The one thing necessary
The story of the sisters, Martha and Mary, (Lk 10,48-52) offers us a precious lesson on always giving priority to prayer, the one thing necessary in life, no matter how many and urgent our other concerns are during the day.
The immediate basis for this truth is what Christ himself said: “What will it profit a man if he gains the whole world and forfeits his soul?” (Mt 16,26) That's because prayer is like the breathing and the heartbeat of our spiritual organism, of our soul. Just as we continue to breathe and just as our heart continues to beat even while we are unconscious in our sleep, so should our prayer be.
To be sure, this is possible and doable, because praying does not even need a bodily organ for it to be done. It is a spiritual operation that can transcend the use of our bodily faculties. It's a matter of attitude, of belief, which we can always have even if it is not expressly articulated.
As such, it can be done in any situation—while we are working, playing, resting, etc. But it would be good that we spend some time doing nothing other than praying, directly engaging God in a loving conversation, because that would help us to be prayerful in all our other activities and situations in life.
Thus, we have to be ready to do some vocal prayers and mental prayer. These are exercises that can build and fuel our life of prayer. With them, we engage God in a more direct way, and in a more loving way, giving him due worship and adoration.
Besides, those moments of vocal prayer and mental prayer would be good moments to thank God for everything we have received, and also to ask for pardon for the mistakes and sins we have committed, as well as to ask for favors that we need.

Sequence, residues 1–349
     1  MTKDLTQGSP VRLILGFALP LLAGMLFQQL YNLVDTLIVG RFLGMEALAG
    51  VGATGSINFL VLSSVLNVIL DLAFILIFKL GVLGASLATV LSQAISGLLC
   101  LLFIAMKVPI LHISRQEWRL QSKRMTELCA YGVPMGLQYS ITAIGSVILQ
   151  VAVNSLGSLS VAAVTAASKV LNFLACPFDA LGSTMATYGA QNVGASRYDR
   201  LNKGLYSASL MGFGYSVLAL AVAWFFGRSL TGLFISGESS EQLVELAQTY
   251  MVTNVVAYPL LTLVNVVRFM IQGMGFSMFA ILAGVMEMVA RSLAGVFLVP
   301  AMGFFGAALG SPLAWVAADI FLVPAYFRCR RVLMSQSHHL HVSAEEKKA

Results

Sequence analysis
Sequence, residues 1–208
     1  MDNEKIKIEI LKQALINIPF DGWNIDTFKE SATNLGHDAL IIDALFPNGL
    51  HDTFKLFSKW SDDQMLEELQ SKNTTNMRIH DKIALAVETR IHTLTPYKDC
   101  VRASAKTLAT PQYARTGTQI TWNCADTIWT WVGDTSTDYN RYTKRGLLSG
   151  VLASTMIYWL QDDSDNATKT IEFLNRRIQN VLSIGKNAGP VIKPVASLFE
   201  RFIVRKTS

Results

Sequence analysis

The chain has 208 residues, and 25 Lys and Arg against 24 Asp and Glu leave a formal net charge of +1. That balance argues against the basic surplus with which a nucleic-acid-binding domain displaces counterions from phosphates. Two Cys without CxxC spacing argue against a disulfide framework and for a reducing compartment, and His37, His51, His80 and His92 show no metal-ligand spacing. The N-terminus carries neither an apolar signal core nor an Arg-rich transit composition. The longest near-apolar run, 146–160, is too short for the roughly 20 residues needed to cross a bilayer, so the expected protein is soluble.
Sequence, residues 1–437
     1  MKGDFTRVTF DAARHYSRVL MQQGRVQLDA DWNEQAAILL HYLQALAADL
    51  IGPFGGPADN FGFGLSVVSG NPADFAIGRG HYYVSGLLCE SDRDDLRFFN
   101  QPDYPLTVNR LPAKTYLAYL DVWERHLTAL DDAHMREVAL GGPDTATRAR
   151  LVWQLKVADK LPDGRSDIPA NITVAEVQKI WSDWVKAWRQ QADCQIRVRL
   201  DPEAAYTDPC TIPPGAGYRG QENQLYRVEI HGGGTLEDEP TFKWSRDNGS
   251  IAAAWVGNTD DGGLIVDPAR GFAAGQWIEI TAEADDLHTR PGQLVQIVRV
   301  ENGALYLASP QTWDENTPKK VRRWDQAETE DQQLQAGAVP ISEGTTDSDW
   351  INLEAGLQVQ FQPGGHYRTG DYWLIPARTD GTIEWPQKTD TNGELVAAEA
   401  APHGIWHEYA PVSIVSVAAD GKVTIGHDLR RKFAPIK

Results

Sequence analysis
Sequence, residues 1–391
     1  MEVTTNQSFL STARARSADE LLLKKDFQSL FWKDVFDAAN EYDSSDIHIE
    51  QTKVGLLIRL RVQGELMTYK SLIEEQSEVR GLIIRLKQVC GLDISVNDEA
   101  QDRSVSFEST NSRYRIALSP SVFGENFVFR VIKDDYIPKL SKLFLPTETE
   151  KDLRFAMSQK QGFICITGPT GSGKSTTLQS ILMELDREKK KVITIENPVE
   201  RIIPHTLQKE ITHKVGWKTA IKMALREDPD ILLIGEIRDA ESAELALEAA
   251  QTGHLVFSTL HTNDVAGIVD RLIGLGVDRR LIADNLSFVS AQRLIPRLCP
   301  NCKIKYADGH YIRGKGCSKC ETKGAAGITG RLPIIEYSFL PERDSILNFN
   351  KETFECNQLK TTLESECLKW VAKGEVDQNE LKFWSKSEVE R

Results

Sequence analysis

But in our present human condition, we need to fight to be able to pray. We need to struggle. We have to exert great and abiding effort to convert everything we do into prayer.
We have already been warned in the Bible that our life here on earth is a warfare. We are ranged against powerful enemies not so much in terms of physical strength as in terms of subtlety, trickery and deception.
The forces of good and evil are always in conflict not so much in some places outside or war arenas somewhere, as in our very own heart. The combat is more internal than external, more spiritual and moral than material and physical.
Besides, the battle of contention starts in some little matters, not in big issues, that are not promptly attended and are made to fester for a while until they become a crisis or a conflagration.
Just take a peep at your heart. Even in your most stable periods of goodness and well-being, you know well how the demons and temptations are just around the corner, ever ready to pounce at the slightest opening.
We need to be always on guard, and the best way to do that is to pray, to be in constant conversation with God, our Father, whose wisdom and omnipotence he is willing to share with us. his children, created in his image and likeness.
It is through prayer that we can see and receive the power of God. It is where we can train ourselves in the skills of spiritual combat—how to deal with our weaknesses, temptations and our sins and defeats. It's where we can nurse our wounds.
We have to learn to pray and to convert everything into prayer. “Pray without ceasing,” St. Paul says (1 Th 5,17). “Watch and pray,” Christ told the sleepy Peter, “that you may not enter into temptation. The spirit is indeed willing, but the flesh is weak” (Mt 26, 41).
We have to fight against our tendency to be swallowed up by our work and the dynamics of our earthly concerns. In fact, we should turn them into prayer. That's how we would refer them to God and not treat them merely as human or worldly affairs.
We need to be wary of our tendency to regard our temporal affairs purely as secular, without any reference to God. This would detach us from the very source of our spiritual life, of everything that is true, good and beautiful.
So, we have to learn to discipline our human impulses that in their raw state need to be educated, purified and formed according to the Christian ideals where charity and love for God and others would be the primary directing principles.*
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